Is it legally allowed to bomb enemy headquarters, if innocent civilians are known to move in the area? Can the opponent use methods of torture to acquire potentially life-saving information from enemies in captivity? In order to determine answers to questions like these, commanders of military operations often rely on the support of legal advisors, who help interpreting the rules of war. At the Finnish Red Cross’ humanitarian law competition, university students got a touch of real life decision-making, as their knowledge was put to the test.
With the international humanitarian law conventions in one hand and law books in the other, 14 students from all over Finland gathered in Helsinki for the Gunnar Rosén International Humanitarian Law Competition. This meant four intensive days of role-plays, workshops and lectures that culminated in a moot court, a simulated war trial session where the most successful participants took the roles of prosecutor and defence.
The session was judged by a panel of renowned international experts, Christie Edwards-Orkin, Director for International Humanitarian Law at the American Red Cross, Julie Tenenbaum, Regional Legal Adviser of the International Committee of the Red Cross, Erkki Kourula, judge of the International Criminal Court and Kari Takamaa, legal advisor of the Finnish National Defence University.
In real life, court representatives investigate their case and build arguments for months, but other than that, the experience was as close to an actual session as it comes. In preparation for the moot court, the participants trained by implementing their theoretical knowledge on several practical cases. Like legal advisors in the field, they had to take in a lot of background information and closely study conventions in order to give grounds for practical decisions to military commanders, media representatives and government leaders.
Daniela Karlsson, Christian Saja and Emil Vartiainen, students of Law and International Law at Åbo Akademi, had traveled from Turku to take part in the competition and felt that they had learned a lot already during the first days.
– As someone who has mostly studied Finnish law, this has been a great way of gaining an international perspective and in-depth understanding of a new field. I also like the fact that this is a totally new way of learning, compared to writing essays at the university library, Daniela Karlsson says.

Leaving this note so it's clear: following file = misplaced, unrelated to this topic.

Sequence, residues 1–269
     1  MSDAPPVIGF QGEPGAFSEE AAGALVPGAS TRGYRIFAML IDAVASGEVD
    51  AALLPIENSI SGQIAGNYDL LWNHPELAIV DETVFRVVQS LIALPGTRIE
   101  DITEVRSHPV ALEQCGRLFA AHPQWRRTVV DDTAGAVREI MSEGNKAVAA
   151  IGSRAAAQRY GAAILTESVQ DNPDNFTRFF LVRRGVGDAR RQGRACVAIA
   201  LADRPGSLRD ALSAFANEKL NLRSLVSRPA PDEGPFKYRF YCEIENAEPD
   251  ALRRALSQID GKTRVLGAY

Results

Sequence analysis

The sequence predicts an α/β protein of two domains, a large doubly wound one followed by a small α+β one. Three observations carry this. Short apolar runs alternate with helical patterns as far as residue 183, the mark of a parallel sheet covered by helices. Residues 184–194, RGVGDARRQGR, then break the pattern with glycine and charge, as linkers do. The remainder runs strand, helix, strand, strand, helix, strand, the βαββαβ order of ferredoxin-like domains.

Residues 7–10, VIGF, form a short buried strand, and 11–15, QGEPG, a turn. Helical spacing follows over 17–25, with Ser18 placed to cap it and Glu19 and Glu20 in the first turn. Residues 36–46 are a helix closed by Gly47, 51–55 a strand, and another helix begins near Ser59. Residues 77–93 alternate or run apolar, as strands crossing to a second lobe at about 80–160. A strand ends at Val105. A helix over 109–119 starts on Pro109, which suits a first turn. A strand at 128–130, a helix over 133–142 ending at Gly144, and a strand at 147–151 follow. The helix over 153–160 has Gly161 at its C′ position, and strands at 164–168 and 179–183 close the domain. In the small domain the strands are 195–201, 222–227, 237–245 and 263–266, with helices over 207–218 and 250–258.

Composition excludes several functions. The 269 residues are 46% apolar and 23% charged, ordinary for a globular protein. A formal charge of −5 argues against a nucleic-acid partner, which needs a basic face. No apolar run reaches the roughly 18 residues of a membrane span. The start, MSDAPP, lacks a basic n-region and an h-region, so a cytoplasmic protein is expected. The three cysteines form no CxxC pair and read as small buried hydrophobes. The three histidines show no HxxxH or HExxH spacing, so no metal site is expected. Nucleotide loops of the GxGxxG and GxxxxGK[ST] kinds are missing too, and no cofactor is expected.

A long tradition around the world
The legal rules of war protect those who do not participate in armed conflicts. It emphasizes the protection of uninvolved civilians, but also wounded and imprisoned soldiers as well as those who have dropped their guns. International humanitarian law also defines permissible methods of warfare in order to advance peace building and limit the usage of techniques that cause unnecessary suffering.
– Advancing and informing about international humanitarian law is one of the core missions of the Red Cross and one of the reasons behind the creation of the Red Cross and Red Crescent Movement. That is why it is our responsibility to spread knowledge. Knowing about the rules of conflict also improves people’s media literacy and helps making sense of conflicts, says competition coordinator Elina Almila.
“Competitions are a fun way of bringing the law out of text books and into real life.”
The Gunnar Rosén International Humanitarian Law Competition was the first of its kind in Finland, but the Red Cross has a long tradition of arranging similar competitions in other countries, as evaluations show that this is a good way of activating a younger crowd.
– Competitions are a fun way of bringing the law out of text books and into real life. When preparing for cases by doing research, forming their own arguments and receiving direct feedback, participants are likely to learn effectively, Almila says.
A need to discuss about international conflicts
The smallest team of the competition was made up of law students Jasmiina Jokinen and Terhi Raikas from University of Helsinki. Raikas tells that she originally became interested in international humanitarian law due to long drawn out conflict in Syria.
– I have Syrian relatives, so the crisis has touched me on a very personal level. The massive migration that the conflict has led to proves that we need to discuss these issues, not only where the war happens, but here, since it also concerns us, Raikas says.
Despite the fact that headlines about the terrible things people subject each other to in wars sometimes makes one wonder if any rules are being followed at all. Jasmiina Jokinen points out that international humanitarian law gives an important framework for judging what is acceptable.
– It is true that war crimes happen and war is pursued in ways totally behind reason, despite humanitarian law. However, without any rules, things could be far worse and we wouldn’t have any tools to react on crimes against humanity, Jokinen says.
The Finnish Red Cross arranges introductory courses in international humanitarian law several times a year. Click here to view dates and to read more about the work with international humanitarian law (in Finnish).
Text and photo: Mikaela Remes